The Ugly Truth (Diary of a Wimpy Kid, Book 5)
Diary of a Wimpy Kid: The Ugly Truth is an absolute delight, sure to please the many fans of this mega-successful series. The novel is written in the graphic novel + cartoon format of diary entries just like the previous titles in this series. To add to the series’ authenticity, author/illustrator Jeff Kinney lines the pages with pen and ink sketches—a winning combination.
Like the other books in the series, The Ugly Truth features middle-school student, Greg Heffley. And in this book, as in previous ones, our hero records the daily events involving him, his friends, his parents, and his younger and older brothers both at school and at home.
A new school year is about to start, and Greg is worried. He has just had a fight with his best friend, Rowley; this is doubly upsetting because Greg doesn’t have
any other candidates for friendship—and everyone knows that middle school requires at least one person to get your back and save you from obscurity. Once school begins, however, Greg finds that his broken friendship is the least of his problems.
This is a year of change, and Greg isn’t sure that growing up is all that great. He’s facing puberty—with all the discomfort that goes along with it. He covets facial hair and even envies the blazing zit on Rowley’s forehead because it’s a sign that Rowley is becoming a man.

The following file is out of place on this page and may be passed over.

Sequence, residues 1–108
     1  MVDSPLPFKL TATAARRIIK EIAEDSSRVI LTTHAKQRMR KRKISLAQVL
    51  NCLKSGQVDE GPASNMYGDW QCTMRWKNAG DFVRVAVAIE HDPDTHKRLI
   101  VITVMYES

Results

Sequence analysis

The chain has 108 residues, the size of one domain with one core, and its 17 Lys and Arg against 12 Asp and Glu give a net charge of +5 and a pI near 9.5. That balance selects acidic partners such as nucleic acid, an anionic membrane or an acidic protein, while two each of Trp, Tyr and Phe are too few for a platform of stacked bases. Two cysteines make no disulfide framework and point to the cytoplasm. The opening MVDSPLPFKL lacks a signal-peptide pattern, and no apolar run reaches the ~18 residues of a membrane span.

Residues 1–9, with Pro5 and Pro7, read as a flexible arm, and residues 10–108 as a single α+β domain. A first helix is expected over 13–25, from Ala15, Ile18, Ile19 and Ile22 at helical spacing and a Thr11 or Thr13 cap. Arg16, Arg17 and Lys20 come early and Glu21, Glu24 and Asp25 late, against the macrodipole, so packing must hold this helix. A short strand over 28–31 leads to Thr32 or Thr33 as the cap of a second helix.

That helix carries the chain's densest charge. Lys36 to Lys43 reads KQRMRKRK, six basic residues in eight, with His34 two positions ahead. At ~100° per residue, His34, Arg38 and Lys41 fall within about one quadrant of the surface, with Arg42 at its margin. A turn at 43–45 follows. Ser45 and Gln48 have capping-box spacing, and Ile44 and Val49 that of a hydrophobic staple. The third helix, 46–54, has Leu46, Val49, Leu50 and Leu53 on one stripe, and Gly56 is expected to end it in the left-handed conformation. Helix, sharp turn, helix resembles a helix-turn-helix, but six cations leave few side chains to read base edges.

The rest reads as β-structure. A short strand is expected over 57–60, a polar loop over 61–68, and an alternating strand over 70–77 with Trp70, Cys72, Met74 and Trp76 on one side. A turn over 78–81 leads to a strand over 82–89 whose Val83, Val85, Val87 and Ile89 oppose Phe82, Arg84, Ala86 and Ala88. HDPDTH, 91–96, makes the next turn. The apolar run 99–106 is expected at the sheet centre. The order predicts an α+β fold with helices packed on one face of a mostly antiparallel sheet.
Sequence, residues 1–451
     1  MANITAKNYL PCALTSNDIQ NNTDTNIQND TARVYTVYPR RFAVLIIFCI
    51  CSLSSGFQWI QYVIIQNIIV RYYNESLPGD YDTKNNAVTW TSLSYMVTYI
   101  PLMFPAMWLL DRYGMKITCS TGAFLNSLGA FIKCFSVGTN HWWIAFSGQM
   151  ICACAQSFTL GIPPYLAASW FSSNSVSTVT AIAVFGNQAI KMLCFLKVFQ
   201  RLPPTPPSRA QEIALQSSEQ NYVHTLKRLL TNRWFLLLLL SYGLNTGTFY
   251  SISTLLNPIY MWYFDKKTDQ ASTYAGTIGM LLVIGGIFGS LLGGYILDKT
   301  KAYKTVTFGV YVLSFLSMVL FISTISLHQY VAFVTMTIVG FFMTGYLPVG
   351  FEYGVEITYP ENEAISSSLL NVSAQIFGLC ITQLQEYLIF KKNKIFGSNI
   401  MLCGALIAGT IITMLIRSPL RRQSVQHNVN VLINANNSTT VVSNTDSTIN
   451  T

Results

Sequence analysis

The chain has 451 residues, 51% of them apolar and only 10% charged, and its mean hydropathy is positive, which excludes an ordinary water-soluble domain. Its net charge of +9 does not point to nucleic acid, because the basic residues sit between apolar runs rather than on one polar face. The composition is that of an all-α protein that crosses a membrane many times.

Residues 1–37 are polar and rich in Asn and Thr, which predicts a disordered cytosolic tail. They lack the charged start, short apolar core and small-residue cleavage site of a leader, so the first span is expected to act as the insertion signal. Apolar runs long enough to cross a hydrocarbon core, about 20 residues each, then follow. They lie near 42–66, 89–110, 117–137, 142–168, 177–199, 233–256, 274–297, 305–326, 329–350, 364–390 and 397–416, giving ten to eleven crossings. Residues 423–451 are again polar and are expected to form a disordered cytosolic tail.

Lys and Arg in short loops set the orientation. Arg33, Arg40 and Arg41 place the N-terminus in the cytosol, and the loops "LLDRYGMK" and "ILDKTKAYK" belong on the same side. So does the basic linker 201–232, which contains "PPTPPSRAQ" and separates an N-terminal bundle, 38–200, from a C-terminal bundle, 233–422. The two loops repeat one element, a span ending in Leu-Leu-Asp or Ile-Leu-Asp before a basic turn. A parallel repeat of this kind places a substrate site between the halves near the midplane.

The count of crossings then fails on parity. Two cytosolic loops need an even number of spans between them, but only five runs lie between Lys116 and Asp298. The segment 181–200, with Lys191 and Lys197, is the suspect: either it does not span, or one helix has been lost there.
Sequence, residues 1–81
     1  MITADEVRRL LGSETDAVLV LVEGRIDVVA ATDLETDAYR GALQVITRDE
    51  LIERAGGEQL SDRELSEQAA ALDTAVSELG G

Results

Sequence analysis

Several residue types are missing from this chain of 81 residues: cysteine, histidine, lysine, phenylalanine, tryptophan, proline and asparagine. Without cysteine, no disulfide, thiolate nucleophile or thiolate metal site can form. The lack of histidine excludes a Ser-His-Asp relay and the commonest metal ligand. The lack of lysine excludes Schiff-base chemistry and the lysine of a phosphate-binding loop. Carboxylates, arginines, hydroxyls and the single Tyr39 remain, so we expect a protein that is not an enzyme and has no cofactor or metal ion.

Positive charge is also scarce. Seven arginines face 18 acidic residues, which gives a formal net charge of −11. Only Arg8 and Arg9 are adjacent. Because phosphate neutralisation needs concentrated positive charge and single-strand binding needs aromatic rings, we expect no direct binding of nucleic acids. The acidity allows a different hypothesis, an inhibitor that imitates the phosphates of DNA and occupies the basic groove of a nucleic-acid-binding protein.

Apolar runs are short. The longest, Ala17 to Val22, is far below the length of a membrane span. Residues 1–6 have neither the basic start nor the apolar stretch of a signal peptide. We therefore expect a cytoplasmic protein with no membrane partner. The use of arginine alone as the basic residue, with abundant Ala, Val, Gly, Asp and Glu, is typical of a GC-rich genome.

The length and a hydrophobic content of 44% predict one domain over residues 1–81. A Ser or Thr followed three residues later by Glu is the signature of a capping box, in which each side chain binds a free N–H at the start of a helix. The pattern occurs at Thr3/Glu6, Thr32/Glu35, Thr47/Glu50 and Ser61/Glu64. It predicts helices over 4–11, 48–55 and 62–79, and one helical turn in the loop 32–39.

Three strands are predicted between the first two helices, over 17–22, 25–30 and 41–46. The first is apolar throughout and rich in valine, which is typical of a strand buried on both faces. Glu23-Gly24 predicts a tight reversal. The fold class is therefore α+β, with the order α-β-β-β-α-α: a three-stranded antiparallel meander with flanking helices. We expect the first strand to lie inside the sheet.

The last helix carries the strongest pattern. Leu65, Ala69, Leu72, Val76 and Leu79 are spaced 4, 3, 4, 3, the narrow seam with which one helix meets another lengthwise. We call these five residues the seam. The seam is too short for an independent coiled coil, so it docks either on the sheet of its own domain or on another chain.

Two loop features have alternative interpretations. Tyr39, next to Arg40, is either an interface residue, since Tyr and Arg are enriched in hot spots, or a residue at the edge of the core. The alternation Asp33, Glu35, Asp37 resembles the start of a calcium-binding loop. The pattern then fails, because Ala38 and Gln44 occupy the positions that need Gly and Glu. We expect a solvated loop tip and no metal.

Soon Greg finds himself bringing home a permission slip to attend a very confusing Facts of Life class, in which the girls and boys are separated. This seminal event gets Greg to thinking about girl/boy parties. Add to the mix a dreaded visit to his 95-year-old Gammie who is scheduled this year to give him “The Talk.” Could life get any worse?
Evidently: Yes. A trip to a new dentist results in Greg having to wear the most embarrassing thing ever: headgear to correct an overbite.
And just when he thinks his plate cannot get any fuller, Greg’s mom decides to go back to school. This means that every family member has special new chores. When Dad and the boys try to fix dinner, the result is disaster. Hiring a maid to help doesn’t work out, either. Life pretty much sucks for Greg.
This hilarious book totally captures the essence and angst of what it means to be a middle schooler. Readers will relate to the perfectly selected details surrounding the further development of the main character—in a book that stands alone while serving as a worthy addition to the series.
The quick pacing and humor yield a very enjoyable read. And the illustrations add just the right amount of wry commentary to make for a fun read for those who have already survived that particular abyss that is middle school.